Tag Archives: prostitution

A man of the world addresses a young woman of easy virtue

“A service like any other,
But don’t tell your mother
As she
Is not like you and me.
We see
The truth plain
(which many distain)
That for the right price
He Can frequently have the She
Of his choosing
And vice
Is a call
Or click away.
How easy ‘tis to fall
Off a log, and oft we lack
The will to climb back”.

I Saw A Great Tent

I saw a great tent.
In I went
And found therein
Every man’s particular sin.

There I met
A girl called regret
Who did smile
And for a while
Invited men to forget
All pain.
Returning again and again
They Forged their own chain.

I shook my head
As the gambler said
“This time I shall win”,
For I saw the bookie grin

Drinkers from far and near
Revelled in wine and beer.
They drank and drank
As the sun rose and sank.
“Cheers.
More beers
Here, barmaid for we are soon dead”.
Someone said.
As he spoke
That tent disappeared in sulphur and smoke.

K Morris reading his poem ‘Circles’.

The debate surrounding sex work/prostitution appears to go around in circles, with one side blaming the sex bias, and saying that they should be fined or imprisoned, while the other argues that the state/society has no business interfering in what occurs between consenting adults. Often, it seems that neither side is listening to the other, while client and sex worker continue in their age-old roles.

 

Mannequin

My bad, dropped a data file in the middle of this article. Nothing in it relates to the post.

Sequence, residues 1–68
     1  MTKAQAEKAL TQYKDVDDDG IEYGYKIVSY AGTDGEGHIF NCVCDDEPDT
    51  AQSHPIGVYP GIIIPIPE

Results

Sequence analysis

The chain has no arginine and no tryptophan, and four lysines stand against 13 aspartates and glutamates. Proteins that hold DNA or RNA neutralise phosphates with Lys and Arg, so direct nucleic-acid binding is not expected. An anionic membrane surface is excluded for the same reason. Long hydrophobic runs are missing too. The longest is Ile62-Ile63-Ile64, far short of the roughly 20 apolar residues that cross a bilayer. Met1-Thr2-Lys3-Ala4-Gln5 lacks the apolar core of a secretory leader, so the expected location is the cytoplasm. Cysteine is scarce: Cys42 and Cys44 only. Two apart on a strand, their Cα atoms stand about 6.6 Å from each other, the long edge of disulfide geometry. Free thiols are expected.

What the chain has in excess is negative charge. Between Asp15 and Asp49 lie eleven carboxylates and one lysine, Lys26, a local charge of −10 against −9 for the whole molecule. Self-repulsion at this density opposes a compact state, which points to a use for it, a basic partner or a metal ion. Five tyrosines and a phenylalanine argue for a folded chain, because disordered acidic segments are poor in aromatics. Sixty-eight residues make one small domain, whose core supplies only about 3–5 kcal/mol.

As a mannequin in a shop window, at which people stare,
She stands in the glare
Of the bedroom light.
Once, such things did excite.
Now all is null
Or on occasions, he
Takes a dull,
Almost professional interest in yet another she.

Gazing at the girl, in her birthday suit
He thinks on the route
Cause of his obsession with mannequins.
Loneliness or sins?
Where begins
A man’s cursed traverse
Of the path to the ever lasting bonfire
Where desire
Ends in mechanical sport
With a mannequin bought
Out of boredom.
He knows there is no true joy in hoardom
For him or her.
Still, in despair
He takes a half-hearted pleasure there.

Circles

Countless pages,
Throughout the ages,
Filled by people, a few perhaps sages.
It goes in stages,
Toleration then repression
Of the world’s oldest profession.

Some cry “shame!
The men are to blame!
Fine or confine
Them in jail,
Such a policy can not fail
To bust their lust.
One must
Prevent
The descent
Of women into prostitution. Shame! Shame!
The men are to blame!”

Others say
“Let the men pay.
Providing the women are willing
It is no business of society how a man spends his shilling.
Many do freely choose
To use
Their bodies to obtain financial recompense,
It does not make sense
To fine
Or confine
A man
When a girl can
Continue in her profession.
The answer lies not in repression”.

The nights are growing longer.
The earnest ponder
On the solution
To prostitution,
While John and whore
Go on as before.

This poem was prompted by the following article, by Julie Bindel, advocating that those who pay for sex be fined or imprisoned, (https://www.theguardian.com/commentisfree/2016/jul/13/decriminalising-sex-trade-protect-workers-abuse
).

Behind Closed Door

Comfortable hotel beds
And lights that turn red,
On pavements cold
Where only the bold
Or foolish dare to tread.

The dread
Of discovery
And reputations shot beyond recovery,
May keep the mean streets clean,
While behind closed door
Things go on as before …

In April, the French legislature introduced a law making it illegal to pay for sex, http://www.theguardian.com/world/2016/apr/06/france-passes-law-illegal-to-pay-for-sex-criminalise-customers.